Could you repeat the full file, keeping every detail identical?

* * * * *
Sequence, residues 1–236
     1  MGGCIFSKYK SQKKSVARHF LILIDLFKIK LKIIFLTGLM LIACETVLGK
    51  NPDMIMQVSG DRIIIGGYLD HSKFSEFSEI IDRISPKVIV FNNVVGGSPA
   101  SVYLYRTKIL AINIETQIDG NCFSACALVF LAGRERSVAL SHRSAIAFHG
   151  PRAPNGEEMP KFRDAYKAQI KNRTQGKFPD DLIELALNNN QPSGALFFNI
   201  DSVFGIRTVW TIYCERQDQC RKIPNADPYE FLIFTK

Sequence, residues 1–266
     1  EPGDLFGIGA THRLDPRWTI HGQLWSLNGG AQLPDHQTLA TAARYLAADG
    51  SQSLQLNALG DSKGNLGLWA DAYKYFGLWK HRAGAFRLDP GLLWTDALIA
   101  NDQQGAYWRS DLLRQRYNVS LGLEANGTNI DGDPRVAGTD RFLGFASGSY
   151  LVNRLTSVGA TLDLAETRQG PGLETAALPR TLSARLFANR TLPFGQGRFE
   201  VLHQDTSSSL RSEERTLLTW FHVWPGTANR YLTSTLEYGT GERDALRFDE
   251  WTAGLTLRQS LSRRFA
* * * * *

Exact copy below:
Sequence, residues 1–236
     1  MGGCIFSKYK SQKKSVARHF LILIDLFKIK LKIIFLTGLM LIACETVLGK
    51  NPDMIMQVSG DRIIIGGYLD HSKFSEFSEI IDRISPKVIV FNNVVGGSPA
   101  SVYLYRTKIL AINIETQIDG NCFSACALVF LAGRERSVAL SHRSAIAFHG
   151  PRAPNGEEMP KFRDAYKAQI KNRTQGKFPD DLIELALNNN QPSGALFFNI
   201  DSVFGIRTVW TIYCERQDQC RKIPNADPYE FLIFTK

Sequence, residues 1–266
     1  EPGDLFGIGA THRLDPRWTI HGQLWSLNGG AQLPDHQTLA TAARYLAADG
    51  SQSLQLNALG DSKGNLGLWA DAYKYFGLWK HRAGAFRLDP GLLWTDALIA
   101  NDQQGAYWRS DLLRQRYNVS LGLEANGTNI DGDPRVAGTD RFLGFASGSY
   151  LVNRLTSVGA TLDLAETRQG PGLETAALPR TLSARLFANR TLPFGQGRFE
   201  VLHQDTSSSL RSEERTLLTW FHVWPGTANR YLTSTLEYGT GERDALRFDE
   251  WTAGLTLRQS LSRRFA